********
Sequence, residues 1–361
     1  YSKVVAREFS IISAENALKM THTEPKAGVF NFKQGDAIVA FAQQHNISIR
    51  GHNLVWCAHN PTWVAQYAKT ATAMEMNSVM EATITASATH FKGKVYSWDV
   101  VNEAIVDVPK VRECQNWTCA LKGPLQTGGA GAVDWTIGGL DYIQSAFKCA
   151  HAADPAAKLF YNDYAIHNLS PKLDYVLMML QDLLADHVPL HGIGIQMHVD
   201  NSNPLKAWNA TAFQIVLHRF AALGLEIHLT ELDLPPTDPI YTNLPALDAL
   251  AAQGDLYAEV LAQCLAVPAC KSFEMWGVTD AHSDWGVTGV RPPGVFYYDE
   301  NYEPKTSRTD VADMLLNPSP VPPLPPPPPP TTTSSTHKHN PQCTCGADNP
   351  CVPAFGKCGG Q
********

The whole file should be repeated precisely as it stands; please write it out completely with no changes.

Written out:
Sequence, residues 1–361
     1  YSKVVAREFS IISAENALKM THTEPKAGVF NFKQGDAIVA FAQQHNISIR
    51  GHNLVWCAHN PTWVAQYAKT ATAMEMNSVM EATITASATH FKGKVYSWDV
   101  VNEAIVDVPK VRECQNWTCA LKGPLQTGGA GAVDWTIGGL DYIQSAFKCA
   151  HAADPAAKLF YNDYAIHNLS PKLDYVLMML QDLLADHVPL HGIGIQMHVD
   201  NSNPLKAWNA TAFQIVLHRF AALGLEIHLT ELDLPPTDPI YTNLPALDAL
   251  AAQGDLYAEV LAQCLAVPAC KSFEMWGVTD AHSDWGVTGV RPPGVFYYDE
   301  NYEPKTSRTD VADMLLNPSP VPPLPPPPPP TTTSSTHKHN PQCTCGADNP
   351  CVPAFGKCGG Q